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Catford (1978) divides the shift in translation into two major types, level/rank shift and category shift. Level/rank shift refers to a source language item at one linguistic level that has a target language translation equivalent at a different level. In other words, it is simply a shift from grammar to lexis.

I don’t quite un­der­stand what the word ‘lev­el’ in lev­el shift refers to. Lev­el of what?

The on­ly ex­am­ples I have found so far use present con­ti­nous or per­fect con­struc­tions, such has have been, to be + ‑ing, &c.

But are there oth­er class­es of ex­am­ples of lev­el shift to be had?

For ex­am­ple,

  • French: Elle est intelligente
  • English: She's intelligent

in french, the adjective intelligent has -e in the end of it because its gender, but in english there's no system like that. So does that count as lev­el shift?

Al­so in this ex­am­ple:

  • French: les fleurs
  • English: flow­er

The re­sult­ing trans­la­tion used sin­gu­lar not plu­ral like the source lan­guage did. Should this al­so to be con­sid­ered a lev­el shift?

also, for anyone who understand this in Bahasa Indonesia, i have another example.

French: Ils sont devenus trop grands

Indonesian: Mereka jadi kebesaran

the adjective "grand" has "-s" in the end because it follows the subject but there's no such thing as that in Indonesian. does it also considered as a level shift?

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    Citations? Quotes from Catford? Definitions? Where did the question come from? – jlawler Dec 11 '18 at 17:39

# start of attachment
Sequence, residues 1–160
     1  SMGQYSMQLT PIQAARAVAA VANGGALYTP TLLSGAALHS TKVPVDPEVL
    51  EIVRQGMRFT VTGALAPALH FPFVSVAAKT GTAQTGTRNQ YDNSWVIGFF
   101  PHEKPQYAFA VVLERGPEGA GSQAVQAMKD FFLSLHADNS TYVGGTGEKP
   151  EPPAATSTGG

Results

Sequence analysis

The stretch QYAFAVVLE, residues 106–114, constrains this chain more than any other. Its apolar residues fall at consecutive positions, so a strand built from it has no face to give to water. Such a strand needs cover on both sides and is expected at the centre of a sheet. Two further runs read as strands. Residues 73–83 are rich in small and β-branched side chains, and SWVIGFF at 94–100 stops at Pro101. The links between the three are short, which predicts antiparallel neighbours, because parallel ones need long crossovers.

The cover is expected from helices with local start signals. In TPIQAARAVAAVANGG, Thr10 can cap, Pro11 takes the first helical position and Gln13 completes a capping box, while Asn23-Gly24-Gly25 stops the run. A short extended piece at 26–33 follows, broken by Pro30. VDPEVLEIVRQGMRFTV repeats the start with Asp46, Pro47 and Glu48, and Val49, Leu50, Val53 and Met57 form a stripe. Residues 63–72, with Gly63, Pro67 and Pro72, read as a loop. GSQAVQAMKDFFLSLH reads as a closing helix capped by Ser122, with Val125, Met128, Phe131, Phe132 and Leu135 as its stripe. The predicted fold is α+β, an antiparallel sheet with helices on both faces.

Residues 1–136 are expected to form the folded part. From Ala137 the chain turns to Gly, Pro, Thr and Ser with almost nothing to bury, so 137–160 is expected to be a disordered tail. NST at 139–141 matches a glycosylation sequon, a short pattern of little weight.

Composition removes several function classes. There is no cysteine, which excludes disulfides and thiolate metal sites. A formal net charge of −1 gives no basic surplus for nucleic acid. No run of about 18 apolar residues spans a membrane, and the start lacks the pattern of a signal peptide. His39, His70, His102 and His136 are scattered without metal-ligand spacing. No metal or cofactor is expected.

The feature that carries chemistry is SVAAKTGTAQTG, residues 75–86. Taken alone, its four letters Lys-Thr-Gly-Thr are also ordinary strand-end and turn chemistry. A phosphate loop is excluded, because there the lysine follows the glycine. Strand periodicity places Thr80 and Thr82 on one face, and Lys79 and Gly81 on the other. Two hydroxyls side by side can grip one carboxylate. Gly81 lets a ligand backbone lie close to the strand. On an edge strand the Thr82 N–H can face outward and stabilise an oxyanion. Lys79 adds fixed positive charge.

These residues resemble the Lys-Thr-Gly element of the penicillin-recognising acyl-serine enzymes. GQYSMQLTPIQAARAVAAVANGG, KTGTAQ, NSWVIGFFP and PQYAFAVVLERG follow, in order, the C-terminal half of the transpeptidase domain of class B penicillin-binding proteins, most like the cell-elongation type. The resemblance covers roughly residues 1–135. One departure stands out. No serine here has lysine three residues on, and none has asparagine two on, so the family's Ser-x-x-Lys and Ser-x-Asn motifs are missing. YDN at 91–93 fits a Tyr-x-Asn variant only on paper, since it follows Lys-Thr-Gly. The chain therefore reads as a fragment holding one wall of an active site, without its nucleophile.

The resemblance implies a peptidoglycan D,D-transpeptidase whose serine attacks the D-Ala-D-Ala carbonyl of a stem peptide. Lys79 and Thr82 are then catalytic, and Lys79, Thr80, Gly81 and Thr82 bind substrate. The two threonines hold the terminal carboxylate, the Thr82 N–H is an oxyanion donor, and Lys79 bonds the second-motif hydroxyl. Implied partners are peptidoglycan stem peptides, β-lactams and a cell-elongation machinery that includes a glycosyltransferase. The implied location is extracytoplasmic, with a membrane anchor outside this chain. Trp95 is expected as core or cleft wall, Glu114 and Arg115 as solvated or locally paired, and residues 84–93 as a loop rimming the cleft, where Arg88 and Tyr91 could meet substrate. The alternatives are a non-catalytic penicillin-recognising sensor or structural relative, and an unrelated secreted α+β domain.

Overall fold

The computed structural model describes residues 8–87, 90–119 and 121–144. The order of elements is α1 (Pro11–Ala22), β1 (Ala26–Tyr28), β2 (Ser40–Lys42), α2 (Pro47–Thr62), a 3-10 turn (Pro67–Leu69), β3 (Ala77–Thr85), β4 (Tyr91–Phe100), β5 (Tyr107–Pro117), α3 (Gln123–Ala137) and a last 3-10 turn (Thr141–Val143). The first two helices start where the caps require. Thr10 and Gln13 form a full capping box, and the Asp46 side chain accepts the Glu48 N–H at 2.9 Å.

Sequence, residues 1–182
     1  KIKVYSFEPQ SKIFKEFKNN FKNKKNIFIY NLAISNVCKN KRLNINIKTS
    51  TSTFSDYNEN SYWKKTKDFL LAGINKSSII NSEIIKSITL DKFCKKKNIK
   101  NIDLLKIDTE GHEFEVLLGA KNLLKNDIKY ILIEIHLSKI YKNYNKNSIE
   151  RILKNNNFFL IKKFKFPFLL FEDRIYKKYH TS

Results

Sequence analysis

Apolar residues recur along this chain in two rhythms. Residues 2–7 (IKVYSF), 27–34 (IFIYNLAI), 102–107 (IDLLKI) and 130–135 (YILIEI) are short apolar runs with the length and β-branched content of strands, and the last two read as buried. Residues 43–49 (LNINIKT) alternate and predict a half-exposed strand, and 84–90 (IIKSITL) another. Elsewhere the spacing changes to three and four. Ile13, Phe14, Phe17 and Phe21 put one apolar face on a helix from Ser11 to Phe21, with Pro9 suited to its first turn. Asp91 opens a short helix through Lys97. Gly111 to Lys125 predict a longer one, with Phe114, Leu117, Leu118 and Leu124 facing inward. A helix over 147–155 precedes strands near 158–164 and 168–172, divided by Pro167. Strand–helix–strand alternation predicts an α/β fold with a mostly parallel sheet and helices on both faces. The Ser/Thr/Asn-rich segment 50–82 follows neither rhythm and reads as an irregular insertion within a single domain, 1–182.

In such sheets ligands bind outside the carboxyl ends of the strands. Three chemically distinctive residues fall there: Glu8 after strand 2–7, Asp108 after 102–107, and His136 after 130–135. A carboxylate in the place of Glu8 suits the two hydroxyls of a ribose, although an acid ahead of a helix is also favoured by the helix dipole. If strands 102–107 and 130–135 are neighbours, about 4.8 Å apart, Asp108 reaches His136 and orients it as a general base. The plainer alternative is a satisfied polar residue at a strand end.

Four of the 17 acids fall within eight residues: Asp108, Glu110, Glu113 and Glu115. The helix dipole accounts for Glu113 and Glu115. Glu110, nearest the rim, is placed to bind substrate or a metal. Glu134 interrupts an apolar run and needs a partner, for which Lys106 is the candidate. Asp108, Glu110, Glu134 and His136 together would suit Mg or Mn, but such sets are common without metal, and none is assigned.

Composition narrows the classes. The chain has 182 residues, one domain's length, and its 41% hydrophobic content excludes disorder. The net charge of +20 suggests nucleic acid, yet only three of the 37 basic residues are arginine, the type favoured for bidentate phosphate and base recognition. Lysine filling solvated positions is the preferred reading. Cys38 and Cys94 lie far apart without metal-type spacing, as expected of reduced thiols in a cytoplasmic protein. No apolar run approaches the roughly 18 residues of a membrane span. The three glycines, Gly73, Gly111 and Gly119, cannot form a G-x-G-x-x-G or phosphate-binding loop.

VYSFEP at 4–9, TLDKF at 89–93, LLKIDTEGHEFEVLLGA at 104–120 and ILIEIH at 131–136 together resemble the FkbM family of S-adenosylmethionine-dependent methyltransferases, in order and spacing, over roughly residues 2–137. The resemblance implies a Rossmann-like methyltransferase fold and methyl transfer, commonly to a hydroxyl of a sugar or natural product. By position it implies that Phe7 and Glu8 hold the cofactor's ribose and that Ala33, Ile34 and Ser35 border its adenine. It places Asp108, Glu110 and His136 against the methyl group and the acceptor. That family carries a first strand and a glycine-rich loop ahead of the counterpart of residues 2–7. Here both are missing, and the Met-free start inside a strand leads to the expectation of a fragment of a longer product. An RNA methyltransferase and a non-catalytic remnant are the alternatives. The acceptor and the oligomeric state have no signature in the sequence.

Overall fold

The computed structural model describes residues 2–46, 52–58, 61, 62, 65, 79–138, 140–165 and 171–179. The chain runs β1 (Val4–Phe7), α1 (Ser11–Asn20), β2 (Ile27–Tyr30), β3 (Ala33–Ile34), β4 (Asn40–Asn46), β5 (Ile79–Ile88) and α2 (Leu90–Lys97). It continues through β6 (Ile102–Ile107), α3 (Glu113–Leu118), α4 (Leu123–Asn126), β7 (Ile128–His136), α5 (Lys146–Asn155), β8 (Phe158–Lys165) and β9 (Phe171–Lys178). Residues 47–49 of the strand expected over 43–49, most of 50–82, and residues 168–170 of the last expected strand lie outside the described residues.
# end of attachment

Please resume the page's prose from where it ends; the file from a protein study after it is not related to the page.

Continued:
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    @jlawler added it, is like that enough? – arviona Dec 11 '18 at 17:54
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    I think what Catford is talking about is a shift where meaning that originally was carried by grammar is carried by words in the translation, or vice versa. For example, some third person subjunctive constructions in French can be translated by the words Let them .... For example, qu'ils mangent de la brioche, would be translated by let them eat cake. So what carries the meaning changes from grammar to lexis. – Peter Shor Dec 11 '18 at 20:13
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    Another example of level shift would be superlatives. The biggest house in English becomes la plus grande maison in French. So you've translated the grammatical suffix -est into the word plus. – Peter Shor Dec 12 '18 at 2:22
  • I'm curious: what circumstances were you thinking of where the natural translation of les fleurs would be flower? I'd guess that at least nine times out of ten, flowers or the flowers would be the right translation. – Peter Shor Dec 12 '18 at 13:15
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Here, level refers, if I am understanding correctly, to the syntactic category. A same seme depending on language can be encoded by either a grammatical morpheme or a lexical morpheme. For example between French and English:

Je suis "en train d'" écrire

I am writ "ing"

The progressive seme is encoded differently in these two languages. In French, an adverbial phrase is used (so belonging to the lexical category) whereas in English, a verbal inflectional morpheme is used (so belonging to the grammatical category). Then, there is a syntactic category shift in the way where this aspect is encoded.

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  • How about the suffixes like gender? Like the suffix "-e" in my example above, do u think it's also a level shift? – arviona Dec 12 '18 at 6:56
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    It is not the case, because in English and partially in French, gender and number are not encoded on adjectives. In French, "e" is just a orthographic convention. Gender is mainly borne by personal pronouns. – amegnunsen Dec 12 '18 at 7:37

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